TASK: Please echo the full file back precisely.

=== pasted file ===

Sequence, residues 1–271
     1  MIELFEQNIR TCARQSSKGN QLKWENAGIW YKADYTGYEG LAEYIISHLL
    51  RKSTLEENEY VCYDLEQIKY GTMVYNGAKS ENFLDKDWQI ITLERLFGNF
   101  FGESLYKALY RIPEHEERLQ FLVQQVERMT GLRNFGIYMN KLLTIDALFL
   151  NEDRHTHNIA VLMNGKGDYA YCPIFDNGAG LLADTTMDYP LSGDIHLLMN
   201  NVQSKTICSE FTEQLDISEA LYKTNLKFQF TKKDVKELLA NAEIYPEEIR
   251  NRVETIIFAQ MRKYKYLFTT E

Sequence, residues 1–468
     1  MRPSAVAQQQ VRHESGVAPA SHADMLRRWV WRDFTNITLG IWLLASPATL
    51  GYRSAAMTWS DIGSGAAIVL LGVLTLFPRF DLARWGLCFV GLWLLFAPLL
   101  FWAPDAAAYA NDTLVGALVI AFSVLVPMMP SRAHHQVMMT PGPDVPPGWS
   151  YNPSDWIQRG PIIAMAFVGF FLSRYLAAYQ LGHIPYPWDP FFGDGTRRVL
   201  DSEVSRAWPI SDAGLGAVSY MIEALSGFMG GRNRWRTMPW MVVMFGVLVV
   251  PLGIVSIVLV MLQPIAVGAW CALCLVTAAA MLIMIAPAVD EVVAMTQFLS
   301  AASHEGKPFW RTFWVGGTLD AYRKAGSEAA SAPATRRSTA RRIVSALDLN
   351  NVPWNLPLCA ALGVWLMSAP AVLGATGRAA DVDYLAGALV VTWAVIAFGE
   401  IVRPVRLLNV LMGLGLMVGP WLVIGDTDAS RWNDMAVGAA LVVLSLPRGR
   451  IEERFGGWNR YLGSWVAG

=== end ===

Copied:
Sequence, residues 1–271
     1  MIELFEQNIR TCARQSSKGN QLKWENAGIW YKADYTGYEG LAEYIISHLL
    51  RKSTLEENEY VCYDLEQIKY GTMVYNGAKS ENFLDKDWQI ITLERLFGNF
   101  FGESLYKALY RIPEHEERLQ FLVQQVERMT GLRNFGIYMN KLLTIDALFL
   151  NEDRHTHNIA VLMNGKGDYA YCPIFDNGAG LLADTTMDYP LSGDIHLLMN
   201  NVQSKTICSE FTEQLDISEA LYKTNLKFQF TKKDVKELLA NAEIYPEEIR
   251  NRVETIIFAQ MRKYKYLFTT E

Sequence, residues 1–468
     1  MRPSAVAQQQ VRHESGVAPA SHADMLRRWV WRDFTNITLG IWLLASPATL
    51  GYRSAAMTWS DIGSGAAIVL LGVLTLFPRF DLARWGLCFV GLWLLFAPLL
   101  FWAPDAAAYA NDTLVGALVI AFSVLVPMMP SRAHHQVMMT PGPDVPPGWS
   151  YNPSDWIQRG PIIAMAFVGF FLSRYLAAYQ LGHIPYPWDP FFGDGTRRVL
   201  DSEVSRAWPI SDAGLGAVSY MIEALSGFMG GRNRWRTMPW MVVMFGVLVV
   251  PLGIVSIVLV MLQPIAVGAW CALCLVTAAA MLIMIAPAVD EVVAMTQFLS
   301  AASHEGKPFW RTFWVGGTLD AYRKAGSEAA SAPATRRSTA RRIVSALDLN
   351  NVPWNLPLCA ALGVWLMSAP AVLGATGRAA DVDYLAGALV VTWAVIAFGE
   401  IVRPVRLLNV LMGLGLMVGP WLVIGDTDAS RWNDMAVGAA LVVLSLPRGR
   451  IEERFGGWNR YLGSWVAG